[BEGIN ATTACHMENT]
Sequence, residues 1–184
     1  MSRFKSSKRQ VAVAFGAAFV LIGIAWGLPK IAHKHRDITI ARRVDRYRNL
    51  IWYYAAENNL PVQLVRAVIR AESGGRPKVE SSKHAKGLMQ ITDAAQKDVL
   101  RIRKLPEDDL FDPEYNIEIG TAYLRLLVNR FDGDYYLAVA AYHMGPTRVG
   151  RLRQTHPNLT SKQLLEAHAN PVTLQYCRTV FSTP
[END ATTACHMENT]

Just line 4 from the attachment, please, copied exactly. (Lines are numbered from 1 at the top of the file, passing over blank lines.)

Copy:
   101  RIRKLPEDDL FDPEYNIEIG TAYLRLLVNR FDGDYYLAVA AYHMGPTRVG